[forthright] Faulty Memories

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From: "Forthright Magazine" <forthrightmag@...>
Date: Mon, 27 Aug 2007 21:42:10 -0300
Forthright Magazine
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Straight to the Cross

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COLUMN: FINAL PHASE

Faulty Memories
by J. Randal Matheny

A week ago Saturday a gentleman died after an
emergency surgery at Rhode Island Hospital to
stop hemorrhaging on the brain.

A nurse had omitted some necessary information on
the chart, and instead of checking the exams, Dr.
Frederick Harrington relied on his memory and
began operating--on the wrong side of the
patient's brain. When he caught his error, he
switched sides, but the surgery team's rush to
treat the patient caused them to abandon the
proper procedures,  according to one hospital
official.

The news report didn't give the doctor's age,
only the patient's. For all that, we tend to
think that memory problems occur more frequently
among the aged. But faulty memory afflicts us all.
Especially in spiritual subjects.

The Passover was a God-given meal for the Jews, in
order to remind them of their rescue from Egypt.
Moses told them,

  ... for seven days you must eat bread made
  without yeast, symbolic of affliction, for
  you came out of Egypt hurriedly. You must
  do this so you will remember for the rest
  of your life the day you came out of the
  land of Egypt" (Deuteronomy 16:3 NET).

When during a Passover meal Jesus established the
supper for his disciples, he also recognized the
need for us to be reminded, because of our faulty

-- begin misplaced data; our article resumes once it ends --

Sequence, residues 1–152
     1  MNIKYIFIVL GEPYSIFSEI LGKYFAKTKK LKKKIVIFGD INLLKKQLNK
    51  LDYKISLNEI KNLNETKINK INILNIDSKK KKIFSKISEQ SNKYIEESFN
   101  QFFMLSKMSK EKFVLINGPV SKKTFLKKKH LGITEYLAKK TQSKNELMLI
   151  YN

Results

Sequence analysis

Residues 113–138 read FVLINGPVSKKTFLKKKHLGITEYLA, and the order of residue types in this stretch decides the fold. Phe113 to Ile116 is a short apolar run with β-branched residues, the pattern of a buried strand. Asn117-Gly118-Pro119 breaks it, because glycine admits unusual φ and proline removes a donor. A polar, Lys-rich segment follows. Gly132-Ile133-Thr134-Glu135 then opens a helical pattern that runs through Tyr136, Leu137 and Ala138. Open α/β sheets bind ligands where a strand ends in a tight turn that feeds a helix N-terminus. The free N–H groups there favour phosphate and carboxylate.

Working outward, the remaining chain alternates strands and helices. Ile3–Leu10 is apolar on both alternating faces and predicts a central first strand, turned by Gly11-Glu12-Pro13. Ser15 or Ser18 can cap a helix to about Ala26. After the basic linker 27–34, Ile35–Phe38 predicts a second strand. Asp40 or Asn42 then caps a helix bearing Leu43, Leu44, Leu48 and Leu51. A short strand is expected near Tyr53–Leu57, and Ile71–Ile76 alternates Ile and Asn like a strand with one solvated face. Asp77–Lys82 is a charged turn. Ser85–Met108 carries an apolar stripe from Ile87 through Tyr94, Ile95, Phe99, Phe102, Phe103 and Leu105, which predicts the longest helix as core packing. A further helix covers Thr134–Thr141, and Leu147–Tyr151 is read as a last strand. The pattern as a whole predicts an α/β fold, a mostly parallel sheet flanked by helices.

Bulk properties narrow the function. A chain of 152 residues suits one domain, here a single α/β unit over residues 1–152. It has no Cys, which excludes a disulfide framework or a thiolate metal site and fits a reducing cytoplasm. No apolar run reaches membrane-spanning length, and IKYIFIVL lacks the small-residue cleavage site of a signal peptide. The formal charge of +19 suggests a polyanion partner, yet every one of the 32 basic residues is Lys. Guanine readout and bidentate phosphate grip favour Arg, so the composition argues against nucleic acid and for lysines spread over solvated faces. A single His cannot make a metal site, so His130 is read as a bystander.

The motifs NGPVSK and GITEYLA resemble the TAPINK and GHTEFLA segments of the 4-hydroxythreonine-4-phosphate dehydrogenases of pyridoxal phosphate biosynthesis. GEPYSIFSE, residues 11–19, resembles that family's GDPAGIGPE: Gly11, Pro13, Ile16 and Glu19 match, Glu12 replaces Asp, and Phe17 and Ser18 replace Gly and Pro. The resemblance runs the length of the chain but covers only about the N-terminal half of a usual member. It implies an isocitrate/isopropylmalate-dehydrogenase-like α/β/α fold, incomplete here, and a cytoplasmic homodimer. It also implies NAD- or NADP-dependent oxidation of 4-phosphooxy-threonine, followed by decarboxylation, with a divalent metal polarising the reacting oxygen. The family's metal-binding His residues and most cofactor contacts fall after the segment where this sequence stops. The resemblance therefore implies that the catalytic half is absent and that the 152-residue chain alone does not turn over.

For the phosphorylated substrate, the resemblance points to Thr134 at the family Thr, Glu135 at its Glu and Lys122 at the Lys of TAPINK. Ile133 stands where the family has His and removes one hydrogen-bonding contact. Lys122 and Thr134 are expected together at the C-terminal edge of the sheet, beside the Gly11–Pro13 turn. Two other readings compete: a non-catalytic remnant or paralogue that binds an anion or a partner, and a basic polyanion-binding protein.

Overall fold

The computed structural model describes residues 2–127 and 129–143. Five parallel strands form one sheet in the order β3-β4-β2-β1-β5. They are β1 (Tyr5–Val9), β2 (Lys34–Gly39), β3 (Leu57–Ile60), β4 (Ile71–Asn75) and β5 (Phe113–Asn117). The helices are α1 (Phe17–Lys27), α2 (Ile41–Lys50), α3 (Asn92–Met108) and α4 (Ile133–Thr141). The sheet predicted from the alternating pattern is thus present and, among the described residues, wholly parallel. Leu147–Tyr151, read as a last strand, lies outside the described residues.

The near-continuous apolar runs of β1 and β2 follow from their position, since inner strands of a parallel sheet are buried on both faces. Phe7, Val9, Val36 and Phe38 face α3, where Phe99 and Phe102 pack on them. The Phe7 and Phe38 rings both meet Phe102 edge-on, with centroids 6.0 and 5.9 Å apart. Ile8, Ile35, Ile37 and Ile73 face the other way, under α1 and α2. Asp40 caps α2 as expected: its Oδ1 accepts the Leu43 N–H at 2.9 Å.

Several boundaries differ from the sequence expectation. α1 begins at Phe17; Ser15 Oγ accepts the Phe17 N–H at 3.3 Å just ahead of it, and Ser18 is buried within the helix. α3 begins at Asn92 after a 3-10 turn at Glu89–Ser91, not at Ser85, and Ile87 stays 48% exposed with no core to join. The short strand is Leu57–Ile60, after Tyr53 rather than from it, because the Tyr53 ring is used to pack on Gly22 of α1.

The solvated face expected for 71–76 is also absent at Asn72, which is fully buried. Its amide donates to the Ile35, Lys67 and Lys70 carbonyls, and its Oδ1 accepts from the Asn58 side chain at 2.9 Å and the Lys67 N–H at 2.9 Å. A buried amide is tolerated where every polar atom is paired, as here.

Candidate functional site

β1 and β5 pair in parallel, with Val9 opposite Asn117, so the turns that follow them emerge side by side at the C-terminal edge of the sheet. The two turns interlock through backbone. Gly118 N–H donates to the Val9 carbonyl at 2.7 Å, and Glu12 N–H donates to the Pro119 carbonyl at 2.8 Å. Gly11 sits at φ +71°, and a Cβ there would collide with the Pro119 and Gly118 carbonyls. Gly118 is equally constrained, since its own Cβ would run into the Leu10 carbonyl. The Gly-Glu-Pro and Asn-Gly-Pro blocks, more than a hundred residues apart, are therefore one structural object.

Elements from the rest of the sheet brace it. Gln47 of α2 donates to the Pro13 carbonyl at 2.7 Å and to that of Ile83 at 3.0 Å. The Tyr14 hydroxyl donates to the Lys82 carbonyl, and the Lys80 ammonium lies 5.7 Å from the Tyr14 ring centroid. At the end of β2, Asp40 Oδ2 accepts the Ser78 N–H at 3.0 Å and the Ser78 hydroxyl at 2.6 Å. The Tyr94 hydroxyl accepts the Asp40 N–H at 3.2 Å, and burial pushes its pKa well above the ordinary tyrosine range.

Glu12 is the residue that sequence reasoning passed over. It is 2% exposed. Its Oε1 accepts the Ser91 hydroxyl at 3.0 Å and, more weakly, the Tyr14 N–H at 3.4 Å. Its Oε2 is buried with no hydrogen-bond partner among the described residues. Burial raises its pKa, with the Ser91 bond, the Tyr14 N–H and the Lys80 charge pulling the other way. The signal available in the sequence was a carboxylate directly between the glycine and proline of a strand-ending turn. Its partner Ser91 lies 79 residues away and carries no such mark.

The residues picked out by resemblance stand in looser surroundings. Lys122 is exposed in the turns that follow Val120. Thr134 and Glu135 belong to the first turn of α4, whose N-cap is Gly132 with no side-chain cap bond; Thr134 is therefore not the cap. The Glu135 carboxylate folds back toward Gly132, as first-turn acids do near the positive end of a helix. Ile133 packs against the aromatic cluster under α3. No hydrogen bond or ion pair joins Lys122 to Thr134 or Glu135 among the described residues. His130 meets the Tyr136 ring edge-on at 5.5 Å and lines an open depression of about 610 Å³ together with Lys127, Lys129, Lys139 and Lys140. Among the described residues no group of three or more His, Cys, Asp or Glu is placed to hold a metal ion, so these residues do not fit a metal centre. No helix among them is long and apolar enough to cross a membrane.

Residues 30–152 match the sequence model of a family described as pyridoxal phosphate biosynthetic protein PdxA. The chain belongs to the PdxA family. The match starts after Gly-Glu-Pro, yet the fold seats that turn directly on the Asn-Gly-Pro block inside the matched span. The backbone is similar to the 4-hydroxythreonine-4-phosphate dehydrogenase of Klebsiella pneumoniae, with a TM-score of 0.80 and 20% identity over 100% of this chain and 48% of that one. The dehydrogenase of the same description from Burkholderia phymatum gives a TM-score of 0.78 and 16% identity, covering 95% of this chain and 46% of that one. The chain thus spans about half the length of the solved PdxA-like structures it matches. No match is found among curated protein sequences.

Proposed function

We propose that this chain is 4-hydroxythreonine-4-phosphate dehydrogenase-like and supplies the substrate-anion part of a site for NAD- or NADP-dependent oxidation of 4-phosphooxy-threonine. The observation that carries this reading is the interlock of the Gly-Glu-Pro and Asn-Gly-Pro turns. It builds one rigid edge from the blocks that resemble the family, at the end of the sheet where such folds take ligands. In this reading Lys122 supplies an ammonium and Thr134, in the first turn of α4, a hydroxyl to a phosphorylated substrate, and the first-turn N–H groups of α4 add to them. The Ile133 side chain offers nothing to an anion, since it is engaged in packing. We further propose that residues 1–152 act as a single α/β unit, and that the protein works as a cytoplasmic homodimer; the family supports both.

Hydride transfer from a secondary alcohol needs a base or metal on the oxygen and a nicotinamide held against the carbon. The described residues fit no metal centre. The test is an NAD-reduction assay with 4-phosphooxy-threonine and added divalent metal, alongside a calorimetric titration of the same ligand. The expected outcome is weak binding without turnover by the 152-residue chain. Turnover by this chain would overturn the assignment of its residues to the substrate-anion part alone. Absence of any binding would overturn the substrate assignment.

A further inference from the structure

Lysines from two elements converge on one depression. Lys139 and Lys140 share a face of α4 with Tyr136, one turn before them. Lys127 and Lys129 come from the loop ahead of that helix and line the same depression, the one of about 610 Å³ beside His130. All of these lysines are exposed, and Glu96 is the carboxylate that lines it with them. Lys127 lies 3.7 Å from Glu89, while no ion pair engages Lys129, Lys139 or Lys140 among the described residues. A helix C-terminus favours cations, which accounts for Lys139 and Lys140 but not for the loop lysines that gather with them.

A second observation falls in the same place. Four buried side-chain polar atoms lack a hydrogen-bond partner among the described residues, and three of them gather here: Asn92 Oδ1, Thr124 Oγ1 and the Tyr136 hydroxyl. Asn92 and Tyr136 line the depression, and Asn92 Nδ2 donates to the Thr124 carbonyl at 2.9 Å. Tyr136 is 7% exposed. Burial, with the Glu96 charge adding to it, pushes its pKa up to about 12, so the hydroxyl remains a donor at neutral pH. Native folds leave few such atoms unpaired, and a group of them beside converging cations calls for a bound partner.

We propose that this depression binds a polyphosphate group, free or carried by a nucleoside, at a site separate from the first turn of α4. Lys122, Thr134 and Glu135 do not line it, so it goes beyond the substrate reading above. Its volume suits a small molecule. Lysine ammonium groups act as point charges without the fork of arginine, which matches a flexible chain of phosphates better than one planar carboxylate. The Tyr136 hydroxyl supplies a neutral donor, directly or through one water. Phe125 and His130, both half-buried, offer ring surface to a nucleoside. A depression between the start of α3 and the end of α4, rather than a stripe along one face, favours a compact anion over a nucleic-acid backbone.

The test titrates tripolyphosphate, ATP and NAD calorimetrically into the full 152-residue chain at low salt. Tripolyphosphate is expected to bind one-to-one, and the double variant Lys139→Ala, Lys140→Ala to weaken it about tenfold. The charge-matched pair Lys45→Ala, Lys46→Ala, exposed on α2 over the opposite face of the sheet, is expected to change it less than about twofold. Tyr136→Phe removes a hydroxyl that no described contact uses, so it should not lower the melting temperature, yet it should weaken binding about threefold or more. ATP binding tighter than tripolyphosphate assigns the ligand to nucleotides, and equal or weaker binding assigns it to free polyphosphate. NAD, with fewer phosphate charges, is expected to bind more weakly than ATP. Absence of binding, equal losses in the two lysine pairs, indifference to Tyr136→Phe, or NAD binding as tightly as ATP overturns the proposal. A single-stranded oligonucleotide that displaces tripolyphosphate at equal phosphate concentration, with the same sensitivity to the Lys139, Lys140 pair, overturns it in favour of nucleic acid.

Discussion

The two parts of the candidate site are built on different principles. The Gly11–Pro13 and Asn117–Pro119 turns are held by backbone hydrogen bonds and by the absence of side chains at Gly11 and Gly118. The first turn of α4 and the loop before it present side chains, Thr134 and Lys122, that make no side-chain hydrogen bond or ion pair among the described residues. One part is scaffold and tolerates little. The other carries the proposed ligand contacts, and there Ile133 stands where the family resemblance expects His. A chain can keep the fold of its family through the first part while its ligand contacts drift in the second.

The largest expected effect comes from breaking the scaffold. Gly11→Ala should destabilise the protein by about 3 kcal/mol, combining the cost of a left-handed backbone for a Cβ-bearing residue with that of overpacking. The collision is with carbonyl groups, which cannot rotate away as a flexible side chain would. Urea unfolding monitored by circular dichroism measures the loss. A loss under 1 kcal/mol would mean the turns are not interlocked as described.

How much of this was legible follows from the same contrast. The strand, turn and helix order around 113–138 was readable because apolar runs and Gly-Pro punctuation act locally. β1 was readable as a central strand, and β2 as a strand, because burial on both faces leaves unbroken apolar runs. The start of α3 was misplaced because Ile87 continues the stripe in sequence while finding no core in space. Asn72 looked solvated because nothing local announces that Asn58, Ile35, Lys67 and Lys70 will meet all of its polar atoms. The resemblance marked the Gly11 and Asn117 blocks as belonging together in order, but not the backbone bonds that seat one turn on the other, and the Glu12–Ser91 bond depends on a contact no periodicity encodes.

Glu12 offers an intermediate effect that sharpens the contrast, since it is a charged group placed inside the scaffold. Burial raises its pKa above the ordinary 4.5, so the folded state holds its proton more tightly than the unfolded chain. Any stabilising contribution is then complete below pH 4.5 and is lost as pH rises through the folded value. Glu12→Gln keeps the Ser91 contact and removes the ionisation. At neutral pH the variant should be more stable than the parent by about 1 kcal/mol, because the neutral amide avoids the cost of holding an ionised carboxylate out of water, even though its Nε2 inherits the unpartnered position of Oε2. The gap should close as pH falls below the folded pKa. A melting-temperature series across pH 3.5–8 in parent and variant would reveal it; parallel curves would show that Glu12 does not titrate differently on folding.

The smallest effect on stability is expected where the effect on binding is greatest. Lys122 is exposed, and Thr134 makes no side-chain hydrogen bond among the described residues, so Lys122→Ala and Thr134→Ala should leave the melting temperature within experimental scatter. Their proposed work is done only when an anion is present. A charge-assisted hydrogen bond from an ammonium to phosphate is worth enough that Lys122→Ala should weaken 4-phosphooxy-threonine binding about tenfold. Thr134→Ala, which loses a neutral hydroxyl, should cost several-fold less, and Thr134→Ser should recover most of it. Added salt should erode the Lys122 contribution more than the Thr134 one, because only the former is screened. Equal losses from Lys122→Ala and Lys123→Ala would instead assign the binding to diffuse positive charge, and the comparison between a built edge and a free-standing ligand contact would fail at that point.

memory.

To a church which was forgetting the reason for
the Lord's supper, the apostle Paul wrote,

  ... the Lord Jesus on the night in which he
  was betrayed took bread, and after he had
  given thanks he broke it and said, 'This is
  my body, which is for you. Do this in
  remembrance of me.' In the same way, he
  also took the cup after supper, saying,
  'This cup is the new covenant in my blood.
  Do this every time you drink it, in
  remembrance of me'" (1 Corinthians 11:23b-
  25).

In the NET version of the Bible the words
"remember" and "remind" are used 144 times.
Evidently, we need to work on our spiritual
memory.

What should we remember? That we cannot save
ourselves. That the way back to God's side goes
exclusively through Jesus. That we must die to
self in order to live with and for him. That he
will come suddenly for his people, and in the
meantime we need to be prepared and busy in his
kingdom.

The worst of it is that this wasn't the first
time Dr. Harrington had operated on the wrong
side of a patient's brain. Last year, he did the
same thing in another hospital.

And in Rhode Island Hospital, this was the third
surgical error of this very type in six years.

But before we condemn the doctors for their
faulty memories, let's see if we aren't doing the
same in the kingdom of God.

Because a faulty memory, as much for Christians
as for surgeons, is fatal.

----
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